No High School Student Left Untested?
Don't you just love the solution of certifying 8th graders before allowing them to go to high school? With this tests-know-best solution, some kids would never get out of first grade.
Future high school students: Sharpen your No. 2 pencils.
President Bush wants annual state reading and math exams to follow you to high school.
Last week, he touted his second-term agenda to improve the American high school by using the same testing and consequences that his administration has used to shake up the elementary grades.
The White House plans to demand state reading and math tests in grades three through 11. In addition, 12th graders would be required to take the National Assessment of Educational Progress, now a voluntary exam that compares schools across the states.
The changes would broaden the federal No Child Left Behind law, which requires one year of state testing during grades 10 to 12. Under the law, students in grades three through eight begin taking annual reading and math tests this spring.
"Testing in high schools will make sure that our children are employable for the jobs of the 21st century," Bush said last week, during his first education speech since being re-elected. "Testing will allow teachers to improve their classes. Testing will enable schools to track. Testing will make sure that the diploma is not merely a sign of endurance, but the mark of a young person ready to succeed."
Improving high schools has become a hot topic, with calls of alarm in recent months from Bush, governors, employers and college professors. The reason: Many high school students aren't ready for college or work after they graduate.
Randy Dunn, interim Illinois schools superintendent, welcomes the attention to high school reform but is concerned about expanding what he views as an already flawed law.
Under No Child Left Behind, limited-English and special education students are expected to meet the same testing standards as general education students. Dunn calls that unfair.
"I would prefer to see discussions of how to fix the onerous aspects of No Child Left Behind and get that addressed before expanding (its) scope to high schools with the testing requirement," he said.
Expanding standardized tests would not be a huge change for Southland high schools. Many voluntarily give ninth- and 10th-graders ACT-style exams called PLAN and EXPLORE.
"(Those tests) are used entirely to help us do better on the 11th-grade exam," Oak Lawn High School Principal Michael Riordan said.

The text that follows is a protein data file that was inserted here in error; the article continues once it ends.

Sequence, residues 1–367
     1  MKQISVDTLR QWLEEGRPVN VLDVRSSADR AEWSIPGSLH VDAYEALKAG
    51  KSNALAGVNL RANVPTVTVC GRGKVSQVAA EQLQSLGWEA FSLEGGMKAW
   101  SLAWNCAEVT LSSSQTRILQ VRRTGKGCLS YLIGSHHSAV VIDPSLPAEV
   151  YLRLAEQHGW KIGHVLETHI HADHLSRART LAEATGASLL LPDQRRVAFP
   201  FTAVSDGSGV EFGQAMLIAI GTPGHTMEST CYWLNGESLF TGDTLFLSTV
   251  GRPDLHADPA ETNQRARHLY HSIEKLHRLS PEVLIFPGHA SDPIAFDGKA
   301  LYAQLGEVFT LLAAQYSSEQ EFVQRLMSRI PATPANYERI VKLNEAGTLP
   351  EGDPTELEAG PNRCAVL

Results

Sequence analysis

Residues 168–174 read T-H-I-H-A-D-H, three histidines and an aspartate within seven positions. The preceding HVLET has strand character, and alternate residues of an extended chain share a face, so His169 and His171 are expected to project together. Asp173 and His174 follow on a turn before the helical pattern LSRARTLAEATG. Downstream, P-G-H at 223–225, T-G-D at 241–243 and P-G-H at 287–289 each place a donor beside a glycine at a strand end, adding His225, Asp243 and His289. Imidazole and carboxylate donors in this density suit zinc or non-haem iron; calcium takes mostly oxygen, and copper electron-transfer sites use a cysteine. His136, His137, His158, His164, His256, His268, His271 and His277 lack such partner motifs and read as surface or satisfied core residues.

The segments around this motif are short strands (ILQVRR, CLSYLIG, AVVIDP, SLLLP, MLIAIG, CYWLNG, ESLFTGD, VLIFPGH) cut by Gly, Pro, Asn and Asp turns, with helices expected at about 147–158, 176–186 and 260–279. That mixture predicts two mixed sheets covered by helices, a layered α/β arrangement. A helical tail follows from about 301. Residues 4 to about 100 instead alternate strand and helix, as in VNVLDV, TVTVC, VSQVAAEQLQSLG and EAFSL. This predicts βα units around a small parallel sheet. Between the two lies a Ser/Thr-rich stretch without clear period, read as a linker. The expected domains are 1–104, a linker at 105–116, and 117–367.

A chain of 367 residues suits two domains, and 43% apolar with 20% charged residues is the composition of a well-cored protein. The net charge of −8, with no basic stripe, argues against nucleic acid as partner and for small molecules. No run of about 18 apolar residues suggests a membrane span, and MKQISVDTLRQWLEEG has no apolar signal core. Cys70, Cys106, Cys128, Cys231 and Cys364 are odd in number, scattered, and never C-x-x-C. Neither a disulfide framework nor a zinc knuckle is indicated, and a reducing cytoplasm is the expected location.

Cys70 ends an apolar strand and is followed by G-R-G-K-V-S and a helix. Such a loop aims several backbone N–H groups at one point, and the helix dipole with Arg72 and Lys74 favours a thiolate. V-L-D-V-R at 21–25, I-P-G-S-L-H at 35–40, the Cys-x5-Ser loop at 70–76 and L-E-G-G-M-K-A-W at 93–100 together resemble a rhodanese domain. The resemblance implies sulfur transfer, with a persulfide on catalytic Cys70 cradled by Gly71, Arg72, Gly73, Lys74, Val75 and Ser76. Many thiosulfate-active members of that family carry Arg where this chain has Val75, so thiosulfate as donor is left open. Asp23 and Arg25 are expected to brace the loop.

But tying their results to the No Child law would mean more opportunities for schools to fail to meet the law's targets, triggering expensive sanctions such as mandatory tutoring or school transfers, according to educators.
"We would be under the NCLB hammer if we broaden the scope," Dunn said.
The expanded testing also would exacerbate the debate on whether tests are the best way to judge schools.
"That is a somewhat of a way of life now," Riordan said. "The public judges us on the basis of test scores."
Adding a national 12th-grade exam alarms some educators who worry about the introduction of another set of education standards. School districts have increasingly aligned their curriculums to better achieve state standards.
"It's like we're being sent off in 15 different directions," Evergreen Park High School District 231 Supt. James Gallagher said.
Community High School District 218 Supt. Kevin Burns would rather see an "exit exam" at the eighth-grade level to certify the skills of incoming freshmen. He recently visited a remedial class at a District 218 high school where several students read at the third-grade level.
"Unless we get them from (the) third-grade (level) to ninth grade, we'd be labeled as failing," Burns said.
Bush said his high school plan, a mix of consolidated programs and new money, would cost $1.5 billion. But it may be squeezed quickly, with a record federal budget deficit limiting domestic spending.
Congress, for example, took Bush's $100 million request for his "Striving Readers" program and cut it to $25 million this year. Bush now wants $200 million for the program.
"Many of these ideas are the right thing to do, and they're the right issues — we're probably late getting to them," said Patricia Sullivan, director of the independent Center on Education Policy. "But if we're going down this path, we have to have the resources."
Bush won bipartisan support for No Child Left Behind, the controversial 2002 law that has shaped education nationally by demanding that schools help children regardless of race, wealth, disability or background — and imposing strict penalties for schools that fail to do so.
Democrats say Bush hasn't provided enough money for No Child, making them wary of supporting his new initiative.
"This is more mandates with no more funding, and I'm troubled by that," said U.S. Sen. Dick Durbin (D-Ill.), echoing the position of Sen. Edward Kennedy (D-Mass.), a key backer initially of No Child Left Behind.
Federal spending on programs covered under No Child law has increased 40 percent since Bush took office, from $17.38 billion to $24.35 billion. But spending went up only 1.7 percent this year, about the same rate that the entire Education Department received.
Under the No Child law, schools that receive Title I poverty funds and fail to make sufficient academic progress face mounting penalties, such as ensuring students can transfer elsewhere. Holding high schools accountable the same way as elementary schools may be difficult because a smaller number get federal poverty aid.
Contributing: The Associated Press
Kati Phillips may be reached at firstname.lastname@example.org or (708) 633-5976.
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Kati Phillips, Associated Press
INDEX OF NCLB OUTRAGES